The History of GNU/Linux

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Although the GNU/Linux operating system was generally free to anyone as both open source and in price, it did not catch on in the commercial computer market. For starters, GNU/Linux didn’t come packaged like other operating systems, such as Microsoft Windows. Instead, a great deal of programming knowledge was needed to piece together the hundreds of little programs, written by hundreds of different programmers, which comprised the operating system. Sometimes, a piece of hardware would be lacking an essential piece of software called a device driver to allow that hardware to work. In cases like these, individuals would have to write the program themselves to get their computer up and running.

Almost immediately, programmers began to realize the difficulty that many computer non-experts were having with the GNU/Linux operating system. Again, their sense of community kicked in, and people began packaging all of the necessary programs to successfully install the Linux operating system. These collections of programs were called distributions, or distros for short. In 1992, a company called Yggdrasil Linux created the first CD-ROM-based Linux distribution. This opened the floodgates for many other companies to piece together Linux distributions for people to use. Some of the more popular distributions throughout the years are Red Hat, SUSE, Mandriva (formerly Mandrake), and Debian, which the Ubuntu distribution is based on.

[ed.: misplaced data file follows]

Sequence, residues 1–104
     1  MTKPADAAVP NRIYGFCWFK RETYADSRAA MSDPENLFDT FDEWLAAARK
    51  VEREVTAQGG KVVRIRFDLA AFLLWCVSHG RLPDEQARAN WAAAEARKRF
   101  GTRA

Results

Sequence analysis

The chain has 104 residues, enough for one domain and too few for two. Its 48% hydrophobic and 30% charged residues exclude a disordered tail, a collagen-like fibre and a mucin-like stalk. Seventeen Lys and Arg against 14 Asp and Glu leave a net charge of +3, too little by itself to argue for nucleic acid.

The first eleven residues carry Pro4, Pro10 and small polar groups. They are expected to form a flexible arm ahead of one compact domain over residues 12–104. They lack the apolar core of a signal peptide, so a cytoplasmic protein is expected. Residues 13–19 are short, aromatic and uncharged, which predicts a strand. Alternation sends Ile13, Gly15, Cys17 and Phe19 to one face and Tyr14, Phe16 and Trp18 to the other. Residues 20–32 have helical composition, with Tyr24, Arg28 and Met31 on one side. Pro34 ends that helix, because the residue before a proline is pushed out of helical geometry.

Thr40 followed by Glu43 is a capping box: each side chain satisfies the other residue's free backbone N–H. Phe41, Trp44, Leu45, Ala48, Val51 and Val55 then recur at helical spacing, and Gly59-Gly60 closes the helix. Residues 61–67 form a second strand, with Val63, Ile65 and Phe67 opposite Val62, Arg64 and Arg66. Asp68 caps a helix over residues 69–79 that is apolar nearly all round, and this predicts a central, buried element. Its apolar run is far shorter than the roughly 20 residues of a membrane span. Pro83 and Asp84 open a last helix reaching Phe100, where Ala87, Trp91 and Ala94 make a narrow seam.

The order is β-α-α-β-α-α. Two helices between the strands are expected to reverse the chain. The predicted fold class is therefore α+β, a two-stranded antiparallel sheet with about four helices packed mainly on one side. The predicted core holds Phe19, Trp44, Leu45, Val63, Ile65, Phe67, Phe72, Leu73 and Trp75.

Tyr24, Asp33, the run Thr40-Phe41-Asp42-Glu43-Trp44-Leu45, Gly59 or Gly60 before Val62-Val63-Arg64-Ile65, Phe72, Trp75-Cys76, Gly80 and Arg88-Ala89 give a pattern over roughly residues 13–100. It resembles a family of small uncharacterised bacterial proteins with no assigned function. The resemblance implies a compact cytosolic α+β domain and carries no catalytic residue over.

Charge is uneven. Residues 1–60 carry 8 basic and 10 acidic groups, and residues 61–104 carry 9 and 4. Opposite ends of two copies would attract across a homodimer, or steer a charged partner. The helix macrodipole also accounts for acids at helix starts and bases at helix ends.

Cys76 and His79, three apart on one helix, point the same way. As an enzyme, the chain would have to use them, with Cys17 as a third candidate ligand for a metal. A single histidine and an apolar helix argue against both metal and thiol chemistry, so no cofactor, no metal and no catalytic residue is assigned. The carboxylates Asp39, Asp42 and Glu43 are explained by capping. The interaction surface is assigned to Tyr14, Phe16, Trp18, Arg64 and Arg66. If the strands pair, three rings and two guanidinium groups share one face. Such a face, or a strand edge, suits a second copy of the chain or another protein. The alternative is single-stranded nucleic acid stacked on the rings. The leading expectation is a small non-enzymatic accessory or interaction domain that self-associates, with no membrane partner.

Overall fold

While the distros made the installation of the operating system easier, it was the development of a program called the X Window System that brought GNU/Linux from only the computers of experts to those of hobbyists as well. The X Window System was a project that had been started in 1984 with the purpose of giving a graphical user interface, or GUI, to the Unix operating system. From this project, the three most popular desktop environments were born: GNOME, KDE, and Xfce. Now, GNU/Linux users were not limited to only a command line to work from. The X Window System now gave them a desktop rivaling the commercial operating systems like Microsoft Windows and the Apple Mac OS.

Despite the fact that the GNU/Linux operating system was free, it was still limited in use to true computer enthusiasts. GNU/Linux was also deemed much more stable as an operating system in the early days of Windows when system crashes became the fodder for many Microsoft-related jokes. Still, the popularity of GNU/Linux didn’t grow much. Even in the days when viruses and worms began to emerge in Windows computers and networks, the immune GNU/Linux operating system still sat on the sidelines.

Source of Information : McGraw Hill Osborne Media How to Do Everything Ubuntu

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